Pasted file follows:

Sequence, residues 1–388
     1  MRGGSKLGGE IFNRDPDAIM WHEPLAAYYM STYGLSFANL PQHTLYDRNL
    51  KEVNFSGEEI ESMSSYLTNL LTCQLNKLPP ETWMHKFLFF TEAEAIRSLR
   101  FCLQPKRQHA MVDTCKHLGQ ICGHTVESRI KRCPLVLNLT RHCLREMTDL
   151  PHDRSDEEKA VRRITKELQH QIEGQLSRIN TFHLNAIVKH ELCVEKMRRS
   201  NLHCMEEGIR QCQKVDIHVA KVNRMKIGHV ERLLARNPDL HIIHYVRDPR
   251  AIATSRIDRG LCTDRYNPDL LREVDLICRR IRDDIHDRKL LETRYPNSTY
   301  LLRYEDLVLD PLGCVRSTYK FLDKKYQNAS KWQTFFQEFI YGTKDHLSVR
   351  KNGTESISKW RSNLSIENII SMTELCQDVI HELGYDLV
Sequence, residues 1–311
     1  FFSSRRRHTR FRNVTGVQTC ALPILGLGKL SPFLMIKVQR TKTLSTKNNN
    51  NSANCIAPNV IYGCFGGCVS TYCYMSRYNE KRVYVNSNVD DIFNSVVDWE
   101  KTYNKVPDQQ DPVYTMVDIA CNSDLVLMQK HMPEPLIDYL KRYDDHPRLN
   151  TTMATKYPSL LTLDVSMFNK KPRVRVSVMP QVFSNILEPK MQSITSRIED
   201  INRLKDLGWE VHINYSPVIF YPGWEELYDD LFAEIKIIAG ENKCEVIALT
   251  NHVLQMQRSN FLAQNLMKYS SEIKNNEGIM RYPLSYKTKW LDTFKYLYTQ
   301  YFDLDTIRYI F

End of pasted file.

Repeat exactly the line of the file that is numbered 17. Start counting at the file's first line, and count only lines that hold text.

   301  YFDLDTIRYI F